6 Personal Care and Beauty Products Buyers Almost Always Regret

Alvarez / Getty Images

Alvarez / Getty Images

If you routinely spend more than $100 a month on beauty and personal care items, you’re not alone. According to a Styleseat survey, Americans spend an average of $110 per month on beauty, fitness and wellness routines.

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But it turns out that those beauty and personal care products you spend so much money on are often not worth it. From expensive scrubs that banish cellulite from your thighs to fancy pore vacuums that promise a clear complexion, here are six beauty and personal care products that shoppers almost always regret.

swissmediavision/Getty Images/iStockphoto

swissmediavision/Getty Images/iStockphoto

Elements to reduce cellulite

With shorts season coming up in a few months, it’s understandable to try to make your legs look their best. However, the countless anti-cellulite creams, scrubs and gels that promise to smooth the skin are often not what they seem.

“More often than not, these offer a temporary reprieve (if at all) and make big promises they can’t keep,” said consumer analyst Julie Ramhold of DealNews. “Dermatologists note that caffeinated creams and scrubs may be the best candidates for temporarily reducing the appearance of cellulite, but none of them will be long-term, even with consistent use.”

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Piotr Marcinski / Shutterstock.com

Piotr Marcinski / Shutterstock.com

Expensive cleaners

Google “skin cleansers” and you’ll get pages and pages of results, some of which produce products that cost more than $100.

“Many dermatologists will notice that these are on the skin for such a short time that there’s no real reason to pay for super expensive brands,” Ramhold said. “People often find themselves buying these items only to end up using a small amount that may not even be cleaning effectively because they’re trying to make it last. While you don’t need to go overboard with a cleanser, you also shouldn’t use the bare minimum to try to clean the your skin after a long day, especially if you’re trying to remove makeup or environmental pollutants.”

Prostock-Studio/Getty Images/iStockphoto

Prostock-Studio/Getty Images/iStockphoto

Hair care brands

Don’t be fooled into thinking that salon hair care products are essential for your hair.

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“If you visit a stylist regularly, you can be hard-sold on which salon brands are best for your hair, whether you’re concerned about preserving color or just want shiny strands.” Ramhold said. “Drugstore brands can be fine, but even if you want a little extra, there are solid brands like Function of Beauty available at Target now at affordable prices that don’t require you to visit your salon to replenish your supply.”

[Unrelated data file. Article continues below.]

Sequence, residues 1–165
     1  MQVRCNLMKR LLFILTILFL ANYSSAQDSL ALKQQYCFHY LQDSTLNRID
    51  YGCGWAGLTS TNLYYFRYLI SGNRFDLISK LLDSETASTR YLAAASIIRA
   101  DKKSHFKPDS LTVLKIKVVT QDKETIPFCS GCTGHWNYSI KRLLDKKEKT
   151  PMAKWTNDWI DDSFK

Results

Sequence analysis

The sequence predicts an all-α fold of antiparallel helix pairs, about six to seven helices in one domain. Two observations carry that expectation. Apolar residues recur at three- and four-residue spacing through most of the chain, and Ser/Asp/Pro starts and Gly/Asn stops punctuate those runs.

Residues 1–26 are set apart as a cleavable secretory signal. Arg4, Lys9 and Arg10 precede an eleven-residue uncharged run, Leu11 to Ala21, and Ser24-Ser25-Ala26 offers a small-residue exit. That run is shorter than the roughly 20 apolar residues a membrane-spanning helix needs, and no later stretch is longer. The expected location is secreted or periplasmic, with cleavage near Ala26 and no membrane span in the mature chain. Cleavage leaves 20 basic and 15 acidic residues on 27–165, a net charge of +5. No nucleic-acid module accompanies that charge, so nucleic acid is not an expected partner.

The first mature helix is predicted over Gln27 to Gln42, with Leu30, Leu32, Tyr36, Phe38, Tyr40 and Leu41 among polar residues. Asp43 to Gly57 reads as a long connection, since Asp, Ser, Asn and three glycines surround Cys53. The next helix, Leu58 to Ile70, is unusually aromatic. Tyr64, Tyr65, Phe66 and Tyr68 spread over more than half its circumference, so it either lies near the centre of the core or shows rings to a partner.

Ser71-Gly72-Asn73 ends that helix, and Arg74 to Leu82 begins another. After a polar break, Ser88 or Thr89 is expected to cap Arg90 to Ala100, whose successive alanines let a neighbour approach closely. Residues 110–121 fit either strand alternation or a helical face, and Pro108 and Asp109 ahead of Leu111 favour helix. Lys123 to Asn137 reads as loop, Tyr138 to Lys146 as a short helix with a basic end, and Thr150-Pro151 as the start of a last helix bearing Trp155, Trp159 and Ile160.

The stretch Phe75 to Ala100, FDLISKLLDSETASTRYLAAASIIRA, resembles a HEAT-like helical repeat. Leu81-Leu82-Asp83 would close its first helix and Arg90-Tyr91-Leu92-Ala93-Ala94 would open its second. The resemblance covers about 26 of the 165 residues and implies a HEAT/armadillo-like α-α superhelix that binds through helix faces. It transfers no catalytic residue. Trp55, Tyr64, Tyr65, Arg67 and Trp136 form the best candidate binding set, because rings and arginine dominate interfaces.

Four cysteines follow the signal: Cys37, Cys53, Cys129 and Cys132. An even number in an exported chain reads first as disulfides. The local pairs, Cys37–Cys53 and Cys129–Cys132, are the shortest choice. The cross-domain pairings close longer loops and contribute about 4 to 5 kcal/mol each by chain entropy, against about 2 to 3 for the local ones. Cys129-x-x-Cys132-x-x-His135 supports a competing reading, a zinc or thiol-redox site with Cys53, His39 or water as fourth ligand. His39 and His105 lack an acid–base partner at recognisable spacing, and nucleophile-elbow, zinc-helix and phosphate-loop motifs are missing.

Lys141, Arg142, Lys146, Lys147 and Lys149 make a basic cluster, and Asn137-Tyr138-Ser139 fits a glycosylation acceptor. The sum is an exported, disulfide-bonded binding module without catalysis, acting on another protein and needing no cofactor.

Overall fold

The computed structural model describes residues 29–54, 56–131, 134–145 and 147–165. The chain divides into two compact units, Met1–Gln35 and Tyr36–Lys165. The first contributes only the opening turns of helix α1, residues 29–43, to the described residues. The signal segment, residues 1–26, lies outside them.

lechatnoir / Getty Images

lechatnoir / Getty Images

Skin care gadgets that promise too much

Skincare gadgets are everywhere, including on your social media. But many of them are little more than useless.

“Things like pore vacuums or microneedling rollers can seem like an easy way to get skin treatments at home for a fraction of the price,” Ramhold said. “But they usually end up going one of two ways: either they’re so weak that they don’t really do what they’re intended to do (or what they promise), or they’re strong enough to cause irritation or other mishaps that you may end up having to visit later. a dermatologist to repair.”

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Gadgets with dubious claims may lure you in because they are affordable, but in the long run they may end up costing you more than if you simply consulted a doctor for your skin problems.

sturti / Getty Images

sturti / Getty Images

Creams to remove stretch marks

According to various studies and dermatologists, it is not worth buying such creams to remove stretch marks.

If you have stretch marks, like many people, and can’t live with them, see a dermatologist for treatment advice. If you don’t want to go the route of laser treatments or prescription topicals, some dermatologists recommend using over-the-counter retinol-based stretch mark-fading creams marketed as stretch mark-removal creams.

vgajic / Getty Images

vgajic / Getty Images

Over the counter tattoo removers

If you have a tattoo that you want to banish, over-the-counter tattoo removal solutions will not be effective.

According to dermatologists, products and topicals you can pick up at your local drugstore will do little more than fade the tattoo slightly. To get the results you want, you’ll need to spend your money on in-office laser treatments, which are unfortunately quite a bit more expensive than OTC solutions.

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This article originally appeared on GOBankingRates.com: 6 Beauty and Personal Care Buyers Almost Always Regret

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